She also feels that students often get too distracted from these networks.
“College students can sometimes have poor priorities, caring only about their phones, Instagram, and getting ‘likes.’ Separating themselves from social media for an extended period of time can help them reevaluate their priorities, pay better attention in class, and get more school work done.”
The ultimate result of her break from these networks?
“I use social media now, but I don’t allow it to be such a big part of my life anymore.”
So, what about the other half of society who uses social media on a daily basis? Surely, a 30 day break would not be as easy as it was for someone like Kazelis.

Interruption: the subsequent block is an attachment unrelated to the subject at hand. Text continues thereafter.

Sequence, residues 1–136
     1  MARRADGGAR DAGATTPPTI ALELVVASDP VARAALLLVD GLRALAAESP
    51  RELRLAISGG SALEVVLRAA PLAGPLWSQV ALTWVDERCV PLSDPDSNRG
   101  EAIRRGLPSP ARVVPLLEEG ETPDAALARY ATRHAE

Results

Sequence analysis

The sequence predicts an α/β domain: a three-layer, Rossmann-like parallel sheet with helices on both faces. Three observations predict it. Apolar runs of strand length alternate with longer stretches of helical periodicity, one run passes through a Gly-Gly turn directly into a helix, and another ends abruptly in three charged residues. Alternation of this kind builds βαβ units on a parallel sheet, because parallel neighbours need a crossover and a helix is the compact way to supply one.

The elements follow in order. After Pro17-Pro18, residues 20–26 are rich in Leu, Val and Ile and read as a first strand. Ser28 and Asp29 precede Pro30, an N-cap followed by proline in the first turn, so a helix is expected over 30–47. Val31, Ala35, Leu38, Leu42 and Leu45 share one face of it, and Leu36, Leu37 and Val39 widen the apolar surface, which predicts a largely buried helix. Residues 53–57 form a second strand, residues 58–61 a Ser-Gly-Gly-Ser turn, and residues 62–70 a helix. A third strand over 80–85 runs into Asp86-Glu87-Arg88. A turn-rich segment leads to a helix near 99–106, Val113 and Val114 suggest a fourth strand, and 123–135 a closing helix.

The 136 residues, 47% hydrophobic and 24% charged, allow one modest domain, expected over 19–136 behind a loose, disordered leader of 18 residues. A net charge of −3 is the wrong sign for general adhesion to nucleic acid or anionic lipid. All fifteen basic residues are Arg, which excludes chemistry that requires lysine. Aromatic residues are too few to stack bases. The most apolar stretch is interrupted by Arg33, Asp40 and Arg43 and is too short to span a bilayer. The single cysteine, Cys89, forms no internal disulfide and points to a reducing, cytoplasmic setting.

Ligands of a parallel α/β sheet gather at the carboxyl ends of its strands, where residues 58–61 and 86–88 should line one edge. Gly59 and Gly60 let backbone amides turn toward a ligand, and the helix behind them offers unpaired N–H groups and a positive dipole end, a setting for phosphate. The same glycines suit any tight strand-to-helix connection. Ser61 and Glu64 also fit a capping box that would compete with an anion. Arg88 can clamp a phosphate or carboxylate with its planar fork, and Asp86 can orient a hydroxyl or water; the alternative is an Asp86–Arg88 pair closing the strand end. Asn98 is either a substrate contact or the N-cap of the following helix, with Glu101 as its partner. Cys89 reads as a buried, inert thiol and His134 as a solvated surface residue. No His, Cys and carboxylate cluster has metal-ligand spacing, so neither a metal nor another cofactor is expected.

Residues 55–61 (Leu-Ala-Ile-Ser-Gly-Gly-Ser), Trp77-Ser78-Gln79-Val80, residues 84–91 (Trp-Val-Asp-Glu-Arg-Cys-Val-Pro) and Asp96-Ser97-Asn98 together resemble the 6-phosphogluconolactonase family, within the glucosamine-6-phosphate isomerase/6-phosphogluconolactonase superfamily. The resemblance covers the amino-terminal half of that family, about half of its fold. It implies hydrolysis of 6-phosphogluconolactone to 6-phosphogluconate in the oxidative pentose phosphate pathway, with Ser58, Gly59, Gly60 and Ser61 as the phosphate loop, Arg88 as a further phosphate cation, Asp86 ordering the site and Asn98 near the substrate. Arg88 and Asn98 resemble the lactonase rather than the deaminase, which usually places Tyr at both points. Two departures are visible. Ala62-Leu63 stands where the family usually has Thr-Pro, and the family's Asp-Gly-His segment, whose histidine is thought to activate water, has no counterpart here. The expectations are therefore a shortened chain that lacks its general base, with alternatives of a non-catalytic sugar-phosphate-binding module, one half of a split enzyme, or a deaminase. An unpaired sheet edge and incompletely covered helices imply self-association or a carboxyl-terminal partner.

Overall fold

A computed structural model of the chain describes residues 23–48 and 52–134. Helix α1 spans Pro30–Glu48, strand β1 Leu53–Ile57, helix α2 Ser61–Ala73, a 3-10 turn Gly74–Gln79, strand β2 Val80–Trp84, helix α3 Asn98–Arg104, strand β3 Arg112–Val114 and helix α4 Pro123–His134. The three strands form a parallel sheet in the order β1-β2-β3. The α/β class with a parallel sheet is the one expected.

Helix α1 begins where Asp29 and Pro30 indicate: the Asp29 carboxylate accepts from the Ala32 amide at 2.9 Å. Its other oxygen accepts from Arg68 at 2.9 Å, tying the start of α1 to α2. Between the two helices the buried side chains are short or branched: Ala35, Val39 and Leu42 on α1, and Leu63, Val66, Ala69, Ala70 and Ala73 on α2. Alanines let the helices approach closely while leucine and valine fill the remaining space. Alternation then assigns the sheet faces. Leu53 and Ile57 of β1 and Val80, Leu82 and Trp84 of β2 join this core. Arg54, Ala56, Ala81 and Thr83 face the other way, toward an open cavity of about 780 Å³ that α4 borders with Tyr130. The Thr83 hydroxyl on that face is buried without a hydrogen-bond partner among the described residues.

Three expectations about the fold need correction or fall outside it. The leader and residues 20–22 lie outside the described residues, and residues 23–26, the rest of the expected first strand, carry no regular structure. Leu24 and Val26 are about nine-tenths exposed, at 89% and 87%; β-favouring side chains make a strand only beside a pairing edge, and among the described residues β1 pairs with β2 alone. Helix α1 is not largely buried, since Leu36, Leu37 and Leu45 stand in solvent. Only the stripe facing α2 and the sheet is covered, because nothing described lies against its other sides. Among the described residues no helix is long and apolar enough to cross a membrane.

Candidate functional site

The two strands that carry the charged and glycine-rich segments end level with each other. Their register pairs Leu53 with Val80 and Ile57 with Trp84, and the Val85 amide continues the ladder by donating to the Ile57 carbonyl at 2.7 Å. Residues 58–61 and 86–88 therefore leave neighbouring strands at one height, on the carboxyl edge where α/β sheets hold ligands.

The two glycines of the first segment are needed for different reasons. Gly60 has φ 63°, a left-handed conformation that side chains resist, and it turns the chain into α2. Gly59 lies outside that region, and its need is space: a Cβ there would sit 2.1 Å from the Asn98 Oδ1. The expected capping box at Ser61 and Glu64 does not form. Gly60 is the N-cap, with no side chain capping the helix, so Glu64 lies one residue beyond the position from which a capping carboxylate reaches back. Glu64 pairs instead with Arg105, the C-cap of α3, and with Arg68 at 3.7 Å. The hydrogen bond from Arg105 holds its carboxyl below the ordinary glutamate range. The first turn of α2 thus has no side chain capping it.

Frequest Snapchat user and CCBC student, Ashah Pervez, says that she uses social media every day. As a senior who is graduating from the college with a degree in medicine, she says she would rather not participate in the challenge because she enjoys having the easy accessibility of information at her hands.
Pervez isn’t alone. In a 2018 study done by Project Information Literacy, out of 5,844 students across 11 colleges and universities in the U.S., 89 percent use social media weekly as a source of news.
“If I want to find something out, I know I can go on social media and find it. I wouldn’t say I depend on it, but without it, I feel like I don’t know much and I’m missing out on something that maybe I should know about.”
What she is describing is a prime example of the previously mentioned FOMO. Although she is active on these networks, she recognizes that these apps and websites can be a distraction.